WA records lowest levels of teenage sugary drinks consumption in Australia


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A Cancer Council Australia study released today reveals that Western Australian teenagers have the lowest rate of consumption of sugary drinks in the country, with one in 10 WA students (10 per cent) consuming a litre or more of sugary drinks each week, compared to the national average of one in six (17 per cent).

Cancer Council Australia’s National Secondary Students’ Diet and Activity (NaSSDA) survey looked at the habits of more than 9,000 students across the country.

While the proportion of Australian secondary school students reporting they consume a litre or more of sugary drinks per week has significantly decreased over time, WA showed the steepest decline down from 20 per cent in 2012-13 to 10 per cent in 2018.

Cancer Council WA’s (CCWA) LiveLighter® Manager Kelly Kennington said the stark difference in WA results coincides with the repeated airing of the LiveLighter® campaign in our state and sends a strong signal that LiveLighter® is working.

“We know from previous studies that LiveLighter® contributes to a reduction in sugary drink consumption in WA adults when the campaign is on air, and we’re now seeing a flow on effect in teens,” Ms Kennington said.

“While the LiveLighter® campaign is targeted at adults, teens are naturally exposed to these marketing messages and benefit when parents make healthier choices at home.”

The research shows on a national level that one in six teenagers consume at least 5.2 kilograms of sugar each year from sugary drinks alone. It found that boys were the biggest consumers of sugary drinks with 22 per cent drinking a litre or more per week, compared to 11 per cent of girls.

Ms Kennington warns that while WA may be performing better than the national average, figures are still concerning.

“Sugary drink consumption is still too high, particularly among kids living in low income households, and given this study indicates that LiveLighter® is having an impact in WA, now is the time to ramp up efforts to accelerate the impact,” Ms Kennington said.

“We are battling with a rise in obesity across Australia that we’ve been unable to halt, and while it’s early days, these results highlight that the WA Government’s long term and sustained investment in this evidence-based campaign is showing dividends and it’s essential this investment continues well into the future.”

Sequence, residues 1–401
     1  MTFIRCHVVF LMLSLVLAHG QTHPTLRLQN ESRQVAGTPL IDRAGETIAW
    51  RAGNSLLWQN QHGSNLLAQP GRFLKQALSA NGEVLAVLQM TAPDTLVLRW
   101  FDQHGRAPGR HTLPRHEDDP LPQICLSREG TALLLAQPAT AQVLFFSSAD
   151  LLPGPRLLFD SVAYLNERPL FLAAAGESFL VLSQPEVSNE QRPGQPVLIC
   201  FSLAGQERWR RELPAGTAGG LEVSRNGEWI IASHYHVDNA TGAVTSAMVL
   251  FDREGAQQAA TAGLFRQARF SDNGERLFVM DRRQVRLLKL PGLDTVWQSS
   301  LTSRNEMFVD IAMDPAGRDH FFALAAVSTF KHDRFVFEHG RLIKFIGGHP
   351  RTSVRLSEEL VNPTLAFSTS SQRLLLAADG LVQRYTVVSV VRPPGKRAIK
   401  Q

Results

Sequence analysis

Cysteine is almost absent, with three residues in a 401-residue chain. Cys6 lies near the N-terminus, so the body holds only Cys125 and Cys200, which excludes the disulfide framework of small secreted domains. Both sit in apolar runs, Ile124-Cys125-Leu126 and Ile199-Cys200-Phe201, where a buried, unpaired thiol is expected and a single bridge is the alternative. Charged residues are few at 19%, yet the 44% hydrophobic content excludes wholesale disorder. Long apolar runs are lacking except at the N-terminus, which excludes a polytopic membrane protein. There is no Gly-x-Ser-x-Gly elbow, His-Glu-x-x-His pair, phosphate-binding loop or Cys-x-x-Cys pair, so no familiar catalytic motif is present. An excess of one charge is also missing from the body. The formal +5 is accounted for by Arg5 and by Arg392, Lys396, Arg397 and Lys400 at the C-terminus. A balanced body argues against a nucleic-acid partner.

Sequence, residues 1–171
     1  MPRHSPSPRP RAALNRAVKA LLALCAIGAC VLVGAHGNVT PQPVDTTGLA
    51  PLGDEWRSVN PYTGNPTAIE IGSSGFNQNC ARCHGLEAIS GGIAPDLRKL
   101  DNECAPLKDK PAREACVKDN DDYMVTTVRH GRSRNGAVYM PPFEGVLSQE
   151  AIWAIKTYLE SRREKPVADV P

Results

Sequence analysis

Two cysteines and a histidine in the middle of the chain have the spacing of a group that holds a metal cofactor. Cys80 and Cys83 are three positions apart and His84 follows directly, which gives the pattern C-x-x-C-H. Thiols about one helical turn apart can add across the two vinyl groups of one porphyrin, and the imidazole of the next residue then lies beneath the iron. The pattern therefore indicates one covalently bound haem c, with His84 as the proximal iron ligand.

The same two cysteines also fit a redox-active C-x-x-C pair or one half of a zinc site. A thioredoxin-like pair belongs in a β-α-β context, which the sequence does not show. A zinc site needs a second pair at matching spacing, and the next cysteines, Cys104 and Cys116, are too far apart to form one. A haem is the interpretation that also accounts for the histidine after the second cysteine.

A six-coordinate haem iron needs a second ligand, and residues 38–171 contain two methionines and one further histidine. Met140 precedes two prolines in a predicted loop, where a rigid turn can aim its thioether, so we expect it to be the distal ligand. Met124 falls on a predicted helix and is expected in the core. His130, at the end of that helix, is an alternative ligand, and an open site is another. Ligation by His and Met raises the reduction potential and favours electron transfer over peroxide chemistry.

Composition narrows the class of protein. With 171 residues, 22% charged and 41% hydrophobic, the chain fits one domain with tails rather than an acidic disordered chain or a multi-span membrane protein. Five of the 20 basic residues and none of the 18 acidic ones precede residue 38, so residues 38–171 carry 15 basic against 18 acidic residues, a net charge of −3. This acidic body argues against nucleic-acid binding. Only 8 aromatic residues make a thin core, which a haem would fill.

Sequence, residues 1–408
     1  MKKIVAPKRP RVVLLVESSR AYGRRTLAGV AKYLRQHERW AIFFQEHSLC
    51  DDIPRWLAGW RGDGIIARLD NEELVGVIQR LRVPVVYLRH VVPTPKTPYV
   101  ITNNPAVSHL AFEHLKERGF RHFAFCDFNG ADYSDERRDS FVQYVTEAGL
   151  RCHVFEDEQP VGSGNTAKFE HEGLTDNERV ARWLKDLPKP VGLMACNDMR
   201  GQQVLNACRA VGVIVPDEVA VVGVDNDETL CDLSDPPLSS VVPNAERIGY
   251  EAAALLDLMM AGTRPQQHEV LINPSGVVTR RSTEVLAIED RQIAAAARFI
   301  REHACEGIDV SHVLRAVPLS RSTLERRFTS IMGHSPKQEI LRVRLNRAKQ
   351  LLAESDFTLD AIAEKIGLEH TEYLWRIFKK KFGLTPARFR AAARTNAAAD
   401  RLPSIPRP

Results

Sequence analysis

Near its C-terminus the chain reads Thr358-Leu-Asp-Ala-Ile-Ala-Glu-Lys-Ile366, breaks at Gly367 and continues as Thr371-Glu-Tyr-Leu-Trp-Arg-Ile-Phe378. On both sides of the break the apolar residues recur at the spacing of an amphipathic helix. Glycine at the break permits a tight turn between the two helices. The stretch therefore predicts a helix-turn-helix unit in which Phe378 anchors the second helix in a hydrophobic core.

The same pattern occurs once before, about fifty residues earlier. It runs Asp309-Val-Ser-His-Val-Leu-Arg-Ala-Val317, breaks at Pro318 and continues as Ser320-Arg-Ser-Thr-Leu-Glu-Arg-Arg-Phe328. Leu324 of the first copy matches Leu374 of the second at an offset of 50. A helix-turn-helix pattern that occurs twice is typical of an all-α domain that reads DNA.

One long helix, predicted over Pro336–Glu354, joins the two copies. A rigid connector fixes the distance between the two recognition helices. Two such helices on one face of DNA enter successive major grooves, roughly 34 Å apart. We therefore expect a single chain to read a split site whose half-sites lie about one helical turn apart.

In light of these results in Western Australia, CCWA is joining Cancer Council Australia’s call for the federal Government to roll out the LiveLighter® campaign nationally and to introduce a host of measures to reduce the impact of poor diet, including improved regulation for junk food marketing, the introduction of added sugar labelling and a 20 per cent health levy on sugary drinks.

The current LiveLighter® campaign,’ 13 Cancers’, is on screen now in WA and focuses on the contribution of sugary drinks to dangerous toxic fat around the organs which can trigger certain cancers.


  • The National Secondary Students’ Diet and Activity (NaSSDA) survey is an initiative of Cancer Council Australia that provides regular monitoring of young people’s beliefs and behaviours surrounding diet and physical activity, as well as their experience of food marketing, to inform obesity prevention policy development and evaluate implemented strategies.
  • This report summarised the current prevalence of sugary drink consumption among Australian secondary school students and changes over time. It also explored the potential impact of the Western Australian LiveLighter® Sugary Drinks campaign on consumption levels in that state.
  • Nationally representative cross-sectional samples of Australian secondary school students in year levels 8 to 11 (ages 12 to 17 years) were surveyed in 2009-10 (n=13,790 from 238 schools), 2012-13 (n=10,309 from 196 schools) and 2018 (n=9,102 from 104 schools) using a self-report web-based questionnaire.
  • You can view the report here
  • LiveLighter® is funded by the Department of Health and delivered by Cancer Council WA.